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Browsing named entities in a specific section of Rebellion Record: a Diary of American Events: Documents and Narratives, Volume 5. (ed. Frank Moore). Search the whole document.

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Vanderbilt (search for this): chapter 26
s steaming off towards her at full speed. The Minnesota is also coming up again at full speed, the effort being to draw the rebel out again. 5.45 o'clock.--For the past hour, the fleet has been moving back and forward, but the Merrimac still lies under the guns of Craney Island. The Monitor is lying about a mile and a half from the Merrimac, and the Dacotah, Susquehanna and Seminole are still in her rear. The Naugatuck is also running up towards the Monitor. The Minnesota, Arago and Vanderbilt have gone back to their anchorage, and there is no prospect of any fight to-night. 5 o'clock.--The war-vessels, including the Monitor, have all returned to their anchorage. The Merrimac, in the mean time, is moving slowly behind Sewell's Point. The President has witnessed the whole action from a tug-boat lying about a mile in the rear of the fleet. He has just returned, and as he passed up the wharf was vociferously cheered by the troops. 5.15 o'clock.--Our fleet having retired,
L. M. Goldsborough (search for this): chapter 26
Doc. 26.-attack on Sewell's point, Va. Report of Com. Goldsborough. U. S. Flag-ship Minnesota, Hampton roads, Va., May 9. To His Excellency the President of the United States: sir: Agreeably to a communication just received from the Hon. Edwin M. Stanton, I have the honor to report that the instructions I gave yesterday to the officers commanding the several vessels detailed to open fire upon Sewell's Point, were that the object of the move was to ascertain the practicability of leen, and that the number of men now stationed there is comparatively quite limited. The quarters connected with this work were set on fire by our shells, and no doubt seriously injured. I am, very respectfully, your obedient servant, L. M. Goldsborough, Commanding Naval Blockading Squadron. Baltimore American account. Fortress Monroe, May 8, 1862. This has been a most stirring and exciting day at Old Point, and all are anticipating the early fall of Norfolk. The weather has
Doc. 26.-attack on Sewell's point, Va. Report of Com. Goldsborough. U. S. Flag-ship Minnesota, Hampton roads, Va., May 9. To His Excellency the President of the United States: sir: Agreeably to a communication just received from the Hon. Edwin M. Stanton, I have the honor to report that the instructions I gave yesterday to the officers commanding the several vessels detailed to open fire upon Sewell's Point, were that the object of the move was to ascertain the practicability of landing a body of troops thereabouts, and to reduce the works if it could be done; that the wooden vessels should attack the principal works in enfilade, and that the Monitor, to be accompanied by the Stevens, should go up as far as the works and there operate in front. On the Merrimac's appearance outside of the works the Monitor had orders to fall back into fair channel-way, and only to engage her seriously in such a position that this ship, together with the merchant vessels intended for th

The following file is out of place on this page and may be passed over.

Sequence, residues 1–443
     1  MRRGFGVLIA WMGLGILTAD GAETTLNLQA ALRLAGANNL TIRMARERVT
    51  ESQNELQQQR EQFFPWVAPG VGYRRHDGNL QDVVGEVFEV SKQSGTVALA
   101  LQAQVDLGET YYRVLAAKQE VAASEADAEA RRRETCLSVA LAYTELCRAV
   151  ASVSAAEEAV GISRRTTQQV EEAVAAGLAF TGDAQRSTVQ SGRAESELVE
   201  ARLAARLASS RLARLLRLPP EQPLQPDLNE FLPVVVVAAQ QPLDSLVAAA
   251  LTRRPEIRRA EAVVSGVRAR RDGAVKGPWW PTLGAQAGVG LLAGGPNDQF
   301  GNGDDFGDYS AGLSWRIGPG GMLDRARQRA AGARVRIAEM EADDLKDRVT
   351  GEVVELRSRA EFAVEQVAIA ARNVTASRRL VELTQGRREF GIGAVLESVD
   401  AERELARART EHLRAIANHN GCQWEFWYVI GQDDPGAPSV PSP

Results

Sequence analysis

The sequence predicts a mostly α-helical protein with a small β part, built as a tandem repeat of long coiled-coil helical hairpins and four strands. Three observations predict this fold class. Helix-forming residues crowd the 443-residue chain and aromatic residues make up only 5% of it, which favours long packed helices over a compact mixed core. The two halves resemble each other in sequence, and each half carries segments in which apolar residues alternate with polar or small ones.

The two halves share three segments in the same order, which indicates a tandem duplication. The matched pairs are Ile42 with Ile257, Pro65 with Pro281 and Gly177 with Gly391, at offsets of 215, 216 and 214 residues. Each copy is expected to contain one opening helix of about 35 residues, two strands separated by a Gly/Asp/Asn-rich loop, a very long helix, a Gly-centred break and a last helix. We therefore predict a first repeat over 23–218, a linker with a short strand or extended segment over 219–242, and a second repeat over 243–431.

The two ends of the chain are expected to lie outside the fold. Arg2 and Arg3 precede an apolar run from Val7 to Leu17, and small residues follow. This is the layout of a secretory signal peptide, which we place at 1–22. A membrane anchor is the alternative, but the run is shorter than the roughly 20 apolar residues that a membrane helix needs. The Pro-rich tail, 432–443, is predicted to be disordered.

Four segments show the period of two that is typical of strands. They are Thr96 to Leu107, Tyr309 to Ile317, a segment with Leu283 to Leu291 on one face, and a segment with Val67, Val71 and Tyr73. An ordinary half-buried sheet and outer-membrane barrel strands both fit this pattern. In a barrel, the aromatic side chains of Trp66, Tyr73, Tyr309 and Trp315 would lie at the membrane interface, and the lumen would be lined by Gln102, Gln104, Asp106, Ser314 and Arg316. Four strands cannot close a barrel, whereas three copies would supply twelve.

May 8th, 1862 AD (search for this): chapter 26
e fact that the number of guns at the principal work on Sewell's Point has been essentially reduced, and is not greater now than about seventeen, and that the number of men now stationed there is comparatively quite limited. The quarters connected with this work were set on fire by our shells, and no doubt seriously injured. I am, very respectfully, your obedient servant, L. M. Goldsborough, Commanding Naval Blockading Squadron. Baltimore American account. Fortress Monroe, May 8, 1862. This has been a most stirring and exciting day at Old Point, and all are anticipating the early fall of Norfolk. The weather has been beautiful, and the scene was one of no ordinary attraction. At eleven o'clock, the little steamer Naugatuck was observed raising steam, and a few minutes before twelve o'clock she moved out by the side of the Monitor, which vessel had also cleared her deck for action, taking down her awnings and pipes, and stood in full fighting trim. 11.30 o'clo
Doc. 26.-attack on Sewell's point, Va. Report of Com. Goldsborough. U. S. Flag-ship Minnesota, Hampton roads, Va., May 9. To His Excellency the President of the United States: sir: Agreeably to a communication just received from the Hon. Edwin M. Stanton, I have the honor to report that the instructions I gave yesterday to the officers commanding the several vessels detailed to open fire upon Sewell's Point, were that the object of the move was to ascertain the practicability of landing a body of troops thereabouts, and to reduce the works if it could be done; that the wooden vessels should attack the principal works in enfilade, and that the Monitor, to be accompanied by the Stevens, should go up as far as the works and there operate in front. On the Merrimac's appearance outside of the works the Monitor had orders to fall back into fair channel-way, and only to engage her seriously in such a position that this ship, together with the merchant vessels intended for th
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